Peaks and Valleys:  How have you found community and a support system?

Anne:  I’m an only child, and schools don’t necessarily know how to treat an only child.  Only children were forced to figure out our own source of security, to find our own resources.  I don’t need you here 24/7, I just need you here when I need help.  I’m not purposely making any more friends at this point.  People are so busy, but I know who my resources are.  I’m also from a culture where you are taught that you are alone, so you have to be strong and independent.  If I have a question, I know who to go to.  I know they are there for me, even if they’re not my closest friends.

Rachel:  I am also an only child. I have the support, I know who to go to if I need something, but that’s it.

Katy:  Finding a sense of belonging is difficult, especially when you are one of many who are often tokenized or demonized due to existing in a body of difference. While I have leaned into peer groups, our differences in class and upbringing make it difficult to relate at times. Given my upbringing, I have also learned that I need to figure things out on my own. So already, it may be difficult to ask for and receive help. But with the combination of navigating an oppressive system and regular reminders of not belonging, I think it makes it that much more difficult. Throughout my graduate studies, I often feel as though I am auditing classes; a guest attending a training session designed for white, higher SES people.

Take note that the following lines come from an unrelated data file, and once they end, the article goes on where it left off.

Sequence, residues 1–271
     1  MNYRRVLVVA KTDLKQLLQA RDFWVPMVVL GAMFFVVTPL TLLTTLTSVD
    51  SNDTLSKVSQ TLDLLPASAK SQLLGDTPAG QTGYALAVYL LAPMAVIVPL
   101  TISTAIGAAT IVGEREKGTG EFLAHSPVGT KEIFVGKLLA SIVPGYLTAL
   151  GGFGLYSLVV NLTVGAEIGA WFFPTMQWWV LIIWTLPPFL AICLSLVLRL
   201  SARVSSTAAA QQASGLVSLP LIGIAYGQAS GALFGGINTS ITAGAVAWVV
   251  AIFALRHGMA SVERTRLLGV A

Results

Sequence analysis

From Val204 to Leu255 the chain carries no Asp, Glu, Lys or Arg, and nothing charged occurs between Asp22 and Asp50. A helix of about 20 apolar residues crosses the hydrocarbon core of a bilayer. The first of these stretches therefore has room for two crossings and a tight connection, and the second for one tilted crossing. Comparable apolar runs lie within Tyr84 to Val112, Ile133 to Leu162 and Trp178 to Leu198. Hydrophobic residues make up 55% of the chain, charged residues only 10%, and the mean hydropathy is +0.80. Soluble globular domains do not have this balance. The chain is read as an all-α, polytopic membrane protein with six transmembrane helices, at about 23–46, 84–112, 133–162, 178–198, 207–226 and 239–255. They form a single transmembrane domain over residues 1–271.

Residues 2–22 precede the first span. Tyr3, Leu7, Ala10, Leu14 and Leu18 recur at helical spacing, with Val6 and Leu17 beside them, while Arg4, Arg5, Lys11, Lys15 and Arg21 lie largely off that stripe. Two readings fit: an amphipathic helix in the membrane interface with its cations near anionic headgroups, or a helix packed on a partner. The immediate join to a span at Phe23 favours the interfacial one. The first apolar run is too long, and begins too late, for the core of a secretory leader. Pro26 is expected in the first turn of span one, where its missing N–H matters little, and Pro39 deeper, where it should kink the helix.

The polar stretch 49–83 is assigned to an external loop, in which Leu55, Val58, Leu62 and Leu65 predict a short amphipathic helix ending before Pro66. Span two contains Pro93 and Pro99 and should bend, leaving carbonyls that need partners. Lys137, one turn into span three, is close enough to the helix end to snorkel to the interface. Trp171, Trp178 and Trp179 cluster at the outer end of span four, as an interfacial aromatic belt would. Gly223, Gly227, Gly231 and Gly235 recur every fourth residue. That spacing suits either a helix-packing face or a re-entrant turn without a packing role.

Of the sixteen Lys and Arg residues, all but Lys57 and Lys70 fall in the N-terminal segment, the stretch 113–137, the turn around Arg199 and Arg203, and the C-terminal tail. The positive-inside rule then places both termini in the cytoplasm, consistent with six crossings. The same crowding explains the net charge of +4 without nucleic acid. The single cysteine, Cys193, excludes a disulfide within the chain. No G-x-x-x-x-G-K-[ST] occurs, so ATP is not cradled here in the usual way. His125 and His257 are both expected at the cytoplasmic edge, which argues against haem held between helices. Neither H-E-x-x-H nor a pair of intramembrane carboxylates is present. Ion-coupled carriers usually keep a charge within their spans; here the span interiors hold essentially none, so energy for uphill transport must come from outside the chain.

Peaks and Valleys:  What are some resources you recommend to first-gen grad students? 

Rachel:  Having someone there who can show you all the different funding options.

Ashley:   A lot of first-gen students don’t know how complicated it is.  It would have been nice to know about TRIO programs that empower underrepresented students, the McNair Graduate Scholars Network and the Ronald E. McNair Graduate Fellowship, things like that.  I went to an affluent high school where everyone knew how to access these things. I was supposed to already know these things.

Rachel:   Not only funding, but getting introduced to communities where you have things in common with people.

Jennifer:   The Graduate School Diversity Office.

Ashley:  A lot of people don’t know all these resources for grad students exist – the Career & Professional Development Center, for example.  Everyone think’s geared toward undergrads.  The LGBT Center has stuff geared toward grad students, as well, but a lot of folks don’t know that.